A New Strategy

Yiannos Giannopoulos

As the Greek elections approach, the Left is determined to keep alive the alternative to austerity.

A Popular Unity rally on September 15, ahead of the September 20 election. Epoca Libera / Flickr

Interview by

In this interview, Yiannos Giannopoulos, a civil engineer and now candidate with Popular Unity, discusses why Syriza’s time in power ended in “strategic defeat” and what the Left can do differently going forward.

The interview was originally conducted by AnalyzeGreece! in the lead-up to tomorrow’s important election vote. Syriza is looking to finish ahead of New Democracy and form a government, while Popular Unity will have to pass the 3 percent threshold to have any parliamentary representation at all.


How do you evaluate the experience of the government of the Left these seven months?

Yiannos Giannopoulos

In order to draw useful conclusions for a new strategy for the Greek and the European radical left in general I think that we should focus on the main picture and not parts of the government’s action. The first government of the Left in a eurozone country during the crisis years ended up in a strategic defeat. The defeat is probably most due to the shortcomings of our (since I was a member of the Youth of Syriza till recently) analysis for the eurozone, and not the way of governing itself.

However, I would like to stress three important issues. The first one is that during the negotiations with the lenders, the movements’ role was completely underestimated. The government did not try to use the power generated by the motivation of the masses to support its position in the negotiations in general, with the exception of a short time interval before the agreement of the twentieth of February, and the week before the memorandum.

The second one, which is linked to the first, is that no changes were made to the structure of the state that could have allowed the people — the productive forces of our society, the ones that experience the problems and can, hence, address the problems more directly — to propose solutions. A wider and deeper democracy — that has no financial cost — was not established. Moreover, and here comes the third point, not even the democratic force within Syriza was taken into consideration.

The party was totally absorbed by the state, exactly in the way that Michalis Nikolakakis predicted some months ago, and so were its chain of command and decisions. People in key state positions were playing a significant role, whereas party officials had no idea what was going on. This meant that the government lost track of the society and the party, and it also probably explains the confidence of Alexis Tsipras to pronounce the elections, probably expecting that the party would not undergo major losses.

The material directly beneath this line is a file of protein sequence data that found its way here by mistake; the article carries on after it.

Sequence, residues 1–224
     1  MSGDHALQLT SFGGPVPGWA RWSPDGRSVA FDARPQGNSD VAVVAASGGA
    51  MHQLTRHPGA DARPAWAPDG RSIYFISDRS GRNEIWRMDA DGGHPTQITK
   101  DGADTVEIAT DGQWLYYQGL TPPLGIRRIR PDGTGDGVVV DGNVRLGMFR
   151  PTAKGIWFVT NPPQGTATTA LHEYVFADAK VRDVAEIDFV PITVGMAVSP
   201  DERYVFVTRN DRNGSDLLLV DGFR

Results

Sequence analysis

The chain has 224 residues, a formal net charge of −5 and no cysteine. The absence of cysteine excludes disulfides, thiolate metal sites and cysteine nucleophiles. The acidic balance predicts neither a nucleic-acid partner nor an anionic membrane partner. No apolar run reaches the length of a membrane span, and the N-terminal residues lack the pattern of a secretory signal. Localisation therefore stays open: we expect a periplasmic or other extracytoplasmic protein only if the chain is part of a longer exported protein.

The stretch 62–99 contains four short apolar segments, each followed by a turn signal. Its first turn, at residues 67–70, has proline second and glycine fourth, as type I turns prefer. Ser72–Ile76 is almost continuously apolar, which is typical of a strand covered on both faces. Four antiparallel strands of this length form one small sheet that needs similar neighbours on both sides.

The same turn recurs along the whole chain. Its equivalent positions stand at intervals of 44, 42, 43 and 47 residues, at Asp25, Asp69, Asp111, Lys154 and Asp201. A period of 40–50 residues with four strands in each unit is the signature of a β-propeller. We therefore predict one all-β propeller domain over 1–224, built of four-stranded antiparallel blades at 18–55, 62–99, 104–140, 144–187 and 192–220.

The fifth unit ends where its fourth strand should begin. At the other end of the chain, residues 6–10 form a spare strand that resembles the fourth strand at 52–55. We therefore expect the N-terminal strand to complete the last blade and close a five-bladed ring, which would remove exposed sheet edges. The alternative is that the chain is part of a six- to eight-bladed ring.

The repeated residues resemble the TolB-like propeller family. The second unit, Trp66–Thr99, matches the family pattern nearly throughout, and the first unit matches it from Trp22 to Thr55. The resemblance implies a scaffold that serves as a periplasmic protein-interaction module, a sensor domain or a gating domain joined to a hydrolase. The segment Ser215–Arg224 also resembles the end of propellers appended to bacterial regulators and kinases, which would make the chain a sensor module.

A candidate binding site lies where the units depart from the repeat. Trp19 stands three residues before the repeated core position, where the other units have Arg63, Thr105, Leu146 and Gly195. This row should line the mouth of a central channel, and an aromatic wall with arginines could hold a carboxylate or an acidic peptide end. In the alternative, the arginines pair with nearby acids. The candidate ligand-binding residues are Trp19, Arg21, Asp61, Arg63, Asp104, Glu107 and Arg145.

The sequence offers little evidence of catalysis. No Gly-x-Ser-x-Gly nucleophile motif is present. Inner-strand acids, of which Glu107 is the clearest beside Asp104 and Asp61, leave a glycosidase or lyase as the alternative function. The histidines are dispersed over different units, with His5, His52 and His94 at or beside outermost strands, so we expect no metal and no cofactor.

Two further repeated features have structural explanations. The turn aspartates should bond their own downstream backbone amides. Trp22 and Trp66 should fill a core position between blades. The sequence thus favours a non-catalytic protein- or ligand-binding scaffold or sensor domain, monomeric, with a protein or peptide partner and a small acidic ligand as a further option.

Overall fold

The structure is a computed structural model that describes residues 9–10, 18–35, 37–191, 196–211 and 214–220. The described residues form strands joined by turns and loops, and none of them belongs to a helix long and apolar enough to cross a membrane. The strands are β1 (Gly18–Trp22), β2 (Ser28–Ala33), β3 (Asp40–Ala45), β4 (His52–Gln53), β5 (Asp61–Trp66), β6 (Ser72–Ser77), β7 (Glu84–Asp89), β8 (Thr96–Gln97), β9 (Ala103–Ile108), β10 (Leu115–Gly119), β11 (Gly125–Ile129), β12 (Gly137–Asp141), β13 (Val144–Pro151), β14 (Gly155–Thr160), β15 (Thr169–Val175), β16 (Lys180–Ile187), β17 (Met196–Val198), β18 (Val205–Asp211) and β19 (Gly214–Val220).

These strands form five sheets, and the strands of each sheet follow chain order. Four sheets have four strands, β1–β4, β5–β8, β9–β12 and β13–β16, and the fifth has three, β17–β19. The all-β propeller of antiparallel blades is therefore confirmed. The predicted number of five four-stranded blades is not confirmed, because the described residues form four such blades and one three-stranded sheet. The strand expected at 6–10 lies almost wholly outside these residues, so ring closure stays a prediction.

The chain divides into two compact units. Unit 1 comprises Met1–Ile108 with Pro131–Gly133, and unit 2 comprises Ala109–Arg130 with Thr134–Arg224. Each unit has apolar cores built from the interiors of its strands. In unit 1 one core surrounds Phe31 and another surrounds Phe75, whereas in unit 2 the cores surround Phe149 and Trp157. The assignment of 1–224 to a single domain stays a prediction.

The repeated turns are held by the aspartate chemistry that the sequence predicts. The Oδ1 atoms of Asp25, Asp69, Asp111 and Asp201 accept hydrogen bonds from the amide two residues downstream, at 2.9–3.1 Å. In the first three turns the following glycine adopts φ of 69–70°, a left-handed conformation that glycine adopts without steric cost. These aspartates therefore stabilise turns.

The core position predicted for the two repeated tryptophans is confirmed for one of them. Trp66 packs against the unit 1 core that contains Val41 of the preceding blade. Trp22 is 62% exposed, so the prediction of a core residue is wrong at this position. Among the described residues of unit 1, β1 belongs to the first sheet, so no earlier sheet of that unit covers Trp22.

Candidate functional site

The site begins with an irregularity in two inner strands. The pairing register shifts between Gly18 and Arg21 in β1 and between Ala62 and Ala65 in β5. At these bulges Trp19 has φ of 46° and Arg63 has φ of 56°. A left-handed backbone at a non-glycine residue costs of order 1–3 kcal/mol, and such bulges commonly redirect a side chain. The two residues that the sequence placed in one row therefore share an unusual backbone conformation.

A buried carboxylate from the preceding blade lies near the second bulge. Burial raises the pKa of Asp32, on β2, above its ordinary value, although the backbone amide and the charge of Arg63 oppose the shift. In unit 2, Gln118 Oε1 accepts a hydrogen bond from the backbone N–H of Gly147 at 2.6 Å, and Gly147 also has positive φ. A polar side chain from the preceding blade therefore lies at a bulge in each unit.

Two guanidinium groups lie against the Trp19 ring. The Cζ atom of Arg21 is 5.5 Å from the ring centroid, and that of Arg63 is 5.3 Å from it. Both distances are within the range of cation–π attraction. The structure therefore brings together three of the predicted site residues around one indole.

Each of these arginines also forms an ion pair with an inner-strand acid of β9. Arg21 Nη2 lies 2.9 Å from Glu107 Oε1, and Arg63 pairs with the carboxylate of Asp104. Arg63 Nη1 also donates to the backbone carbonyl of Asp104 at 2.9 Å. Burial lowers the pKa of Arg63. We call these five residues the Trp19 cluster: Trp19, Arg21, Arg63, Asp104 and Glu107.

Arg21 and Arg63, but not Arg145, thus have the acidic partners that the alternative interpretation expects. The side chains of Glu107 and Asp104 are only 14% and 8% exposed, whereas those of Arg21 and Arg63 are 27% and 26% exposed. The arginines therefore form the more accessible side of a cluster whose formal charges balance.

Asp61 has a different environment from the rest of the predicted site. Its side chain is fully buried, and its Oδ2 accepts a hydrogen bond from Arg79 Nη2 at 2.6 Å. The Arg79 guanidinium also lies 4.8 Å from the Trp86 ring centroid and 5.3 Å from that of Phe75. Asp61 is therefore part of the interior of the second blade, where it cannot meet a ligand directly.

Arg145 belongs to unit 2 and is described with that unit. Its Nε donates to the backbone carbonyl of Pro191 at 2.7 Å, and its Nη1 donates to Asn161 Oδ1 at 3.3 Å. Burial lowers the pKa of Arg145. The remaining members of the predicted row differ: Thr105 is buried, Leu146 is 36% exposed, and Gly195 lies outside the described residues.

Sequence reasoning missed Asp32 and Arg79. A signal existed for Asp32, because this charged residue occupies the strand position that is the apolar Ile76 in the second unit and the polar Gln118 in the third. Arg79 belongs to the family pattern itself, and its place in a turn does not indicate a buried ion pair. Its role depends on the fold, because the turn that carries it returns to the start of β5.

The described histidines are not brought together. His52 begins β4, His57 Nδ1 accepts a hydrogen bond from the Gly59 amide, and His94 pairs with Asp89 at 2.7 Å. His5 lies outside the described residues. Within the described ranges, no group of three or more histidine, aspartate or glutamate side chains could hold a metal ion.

We might want to reread the enlightening interview between Aristides Baltas with Leo Panitch, where the most famous Greek Althusserian philosopher practically tries to relativize structuralism, while he admits that spending twelve hours per day in the ministry did not allow him to communicate with the party.

On the other hand, we cannot ignore the things the government did do for the prison system, higher education, and migration policies. Sectors where the government really tried to implement a different logic in its first steps, and this is why the polemic of the bourgeois opposition concentrated on these fields. These progressive reforms are going to be fought against by the right wing of the probable government coalition that is going to be formed after the elections.


After the whole period of negotiations, we would like your opinion on (a) the eurozone and whether Greece should stay or not in it, and (b) the European Union (EU) as a field of struggle (for the movement, the Left, etc).

Yiannos Giannopoulos

Being a member of the left Eurocommunist tendency of Syriza, I thought that the strategy of changing the equilibrium of power or implementing anti-neoliberal policies inside this eurozone was possible. I think that we must honestly admit that we made a huge mistake there. The threat to destroy the currency was not enough, let aside that we did not even have a plan for that.

Moreover, I think that we somehow subconsciously assumed that the Left would rise in parallel in other European countries. We actually made the same mistake that the architects of the euro made. We did not take the economic crises into consideration, and during the crises, the political changes that took place in the affected countries are really asymmetric.

The dilemma we are actually facing is not euro or drachma. It is euro or democracy. The political importance of crushing the different example that could be made by the Left is much more important to the ruling classes of Europe than the cost of taking the risk of a Grexit.

The common currency might not survive such an event, but we will not find out till it happens, and it seems as if Dr Schäuble is very willing to take the risk. Apart from the fact that no one believes that the new memorandum can be implemented successfully, and that the Grexit may lead to an even worse situation after the end of the program.